Camp NaNoWriMo Tips

For those unfamiliar, Camp NaNoWriMo is the summer version of NaNoWriMo, which happens in November for National Novel Writing Month. This is a month where writer’s pledge to write 50,000 words in one month. What a writer works on to get those words is entirely up to them. It could be a novel, a series of writing posts, or an addition to a work in progress. The most important take away is: to write–with a community of other writers.

In the past, I have participated in NaNoWriMo and have stopped writing shortly before Thanksgiving. I had a laundry list of reasons as to why I couldn’t complete the challenge and would find myself discouraged by all the writer’s who were reaching their goals.

This year–four years later–I decided to participate for the month of July. The motivation started as a means to complete my second book first draft. 50 to 60k was about all I had left to write to finish the draft. But as the month started and I dived into the community, I realized there were many factors that were different this time around.

  1. I found my voice
    1. I had no idea who I was as a person when I tried prior and definitely didn’t know who I was as a writer. Learning who I was has helped significantly.
    2. I don’t think you need to know everything, but I think it’s important to figure out the general voice of your writing before you begin.
  2. 50k is just a number. 
    1. I could set my OWN goal.
    2. Many writers WERE setting their own goals. Whether higher or lower, they were setting a goal for their month ahead, their work pace, and their story idea. This entire month was up to them.
  3. Twitter is a safe haven for writers
    1. Ever since getting into the writing community on Twitter, I have felt so supported. Everyone is there to bring you up and motivate you. It is very rare anyone is there to tear you down. Success for one is success for all.
  4. Outlining
    1. I ALWAYS hated outlining for NaNo or in general. This left the editing of my first novel much more complicated. So I’ve learned the second time around–it works! But for me. It may not be your solution.
    2. Figure out what outlining means to you.
  5. Writing Sprints 
    1. Until this month, I had never participated seriously in a writing sprint. I didn’t understand them until I dived into it.
    2. For those unfamiliar–a writing sprint is when you set a time to write and then set a certain amount of minutes to write for.
    3. By setting 10, 20, 30 minute sprints, it’s an achievable goal to shut down everything and just focus on the words coming out. Most importantly, it shuts off your self-editor. You want to get out as much as you can, then you can go back and edit.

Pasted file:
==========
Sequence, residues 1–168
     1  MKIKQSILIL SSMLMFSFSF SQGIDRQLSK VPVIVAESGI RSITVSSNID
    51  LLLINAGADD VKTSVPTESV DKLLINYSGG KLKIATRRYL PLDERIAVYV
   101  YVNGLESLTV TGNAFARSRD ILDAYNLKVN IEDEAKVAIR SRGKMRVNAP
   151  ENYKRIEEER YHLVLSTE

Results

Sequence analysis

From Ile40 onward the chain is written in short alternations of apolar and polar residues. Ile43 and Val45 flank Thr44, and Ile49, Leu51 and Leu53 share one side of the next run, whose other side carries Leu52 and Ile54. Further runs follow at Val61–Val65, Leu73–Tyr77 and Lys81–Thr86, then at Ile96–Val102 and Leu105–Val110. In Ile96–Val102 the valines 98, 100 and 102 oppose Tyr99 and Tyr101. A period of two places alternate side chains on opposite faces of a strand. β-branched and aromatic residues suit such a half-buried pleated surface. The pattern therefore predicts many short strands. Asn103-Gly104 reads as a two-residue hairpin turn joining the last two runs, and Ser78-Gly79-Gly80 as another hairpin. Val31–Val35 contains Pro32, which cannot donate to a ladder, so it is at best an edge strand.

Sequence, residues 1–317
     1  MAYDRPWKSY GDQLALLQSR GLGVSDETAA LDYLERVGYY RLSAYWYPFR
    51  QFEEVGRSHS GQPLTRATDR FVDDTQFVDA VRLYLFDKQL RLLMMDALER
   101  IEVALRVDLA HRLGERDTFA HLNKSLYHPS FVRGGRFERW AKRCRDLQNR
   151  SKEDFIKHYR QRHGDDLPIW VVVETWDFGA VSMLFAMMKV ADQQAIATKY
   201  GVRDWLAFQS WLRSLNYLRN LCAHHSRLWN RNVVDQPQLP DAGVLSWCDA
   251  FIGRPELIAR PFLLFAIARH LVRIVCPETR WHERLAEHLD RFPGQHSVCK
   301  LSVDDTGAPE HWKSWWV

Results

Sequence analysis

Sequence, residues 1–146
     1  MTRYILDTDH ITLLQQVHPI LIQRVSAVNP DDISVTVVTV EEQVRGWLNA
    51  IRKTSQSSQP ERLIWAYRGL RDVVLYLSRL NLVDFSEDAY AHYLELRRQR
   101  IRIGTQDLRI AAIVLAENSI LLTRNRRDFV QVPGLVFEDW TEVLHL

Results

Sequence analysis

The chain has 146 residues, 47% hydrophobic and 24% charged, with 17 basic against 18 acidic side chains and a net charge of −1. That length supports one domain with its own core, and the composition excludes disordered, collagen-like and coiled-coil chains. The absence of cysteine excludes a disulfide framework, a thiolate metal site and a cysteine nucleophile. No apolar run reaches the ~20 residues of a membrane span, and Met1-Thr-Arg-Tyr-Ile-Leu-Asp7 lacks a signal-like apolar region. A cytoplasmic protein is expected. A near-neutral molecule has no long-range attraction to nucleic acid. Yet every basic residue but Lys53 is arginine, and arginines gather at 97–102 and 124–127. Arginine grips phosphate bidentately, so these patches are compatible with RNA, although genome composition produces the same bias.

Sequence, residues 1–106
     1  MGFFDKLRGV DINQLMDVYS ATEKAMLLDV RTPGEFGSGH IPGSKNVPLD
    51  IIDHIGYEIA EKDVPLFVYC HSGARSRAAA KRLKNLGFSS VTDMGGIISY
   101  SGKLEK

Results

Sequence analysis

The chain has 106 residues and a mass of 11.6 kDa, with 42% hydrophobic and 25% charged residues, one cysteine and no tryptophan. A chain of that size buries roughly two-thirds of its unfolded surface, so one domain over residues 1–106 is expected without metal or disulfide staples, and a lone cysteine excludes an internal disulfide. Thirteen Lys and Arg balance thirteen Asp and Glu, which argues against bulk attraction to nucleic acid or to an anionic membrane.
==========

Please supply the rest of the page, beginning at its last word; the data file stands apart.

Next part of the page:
6. Stuck? Take Breaks.
    1. Set reasonable goals for yourself
    2. Remember to take breaks. Whether between writing sprints or setting up times to walk away.
    3. Go for a walk, read a book, take your mind off your writing and then come back to it.
    4. Check in with other writer’s and find motivation from them.
    5. Join a popular writing sprint through the #campnanowrimo tag!
  7. There are NO rules.
    1. I always felt like I had to live up to a certain expectation of a writer. I had to do this or that. If I couldn’t do something a certain way, I wouldn’t be successful. But success is subjective. It’s how you view what your success is and it isn’t compared to anyone else.
    2. Every writer is different. We’ve all experienced different things, we are all at different levels, certain things work for certain people and so on. Just because someone may have a higher word count, doesn’t mean that your words aren’t important. We all work at our own pace and our brains work differently too. I could write a crazy amount of words because I’m a fast typer, but it doesn’t mean that the words are good or will stick, whereas a lower word count could be more significant.

For those who have debated whether or not you’ve wanted to join: take it at your own pace, check out the community, and make your own decision. It’s never too late to join!

My main takeaway is the community. Writing is an isolating event–most of the time–so any reason to be able to connect to others, motivate them, and accomplish a similar goal, is inspiring to me.

So for all you campers out there, BEST OF LUCK! You’ve got this. You can do it! Some days may be harder than others, but show up every day, even if it just means your thinking about your writing in your head–that is still writing and so important. And if you’re stuck and feeling lost, come to Twitter. We are here to support you.

Chelsea Lauren

Chelsea Lauren is addicted to drinking coffee, writing in cafes, and walking the beach. A New York native, she recently moved to Melbourne, FL and found having conversations with her character’s on the beach is the perfect cure to writer’s block. To learn more about her, check out “About Me.” Her debut novel, Underneath the Whiskey, is now available on Amazon.

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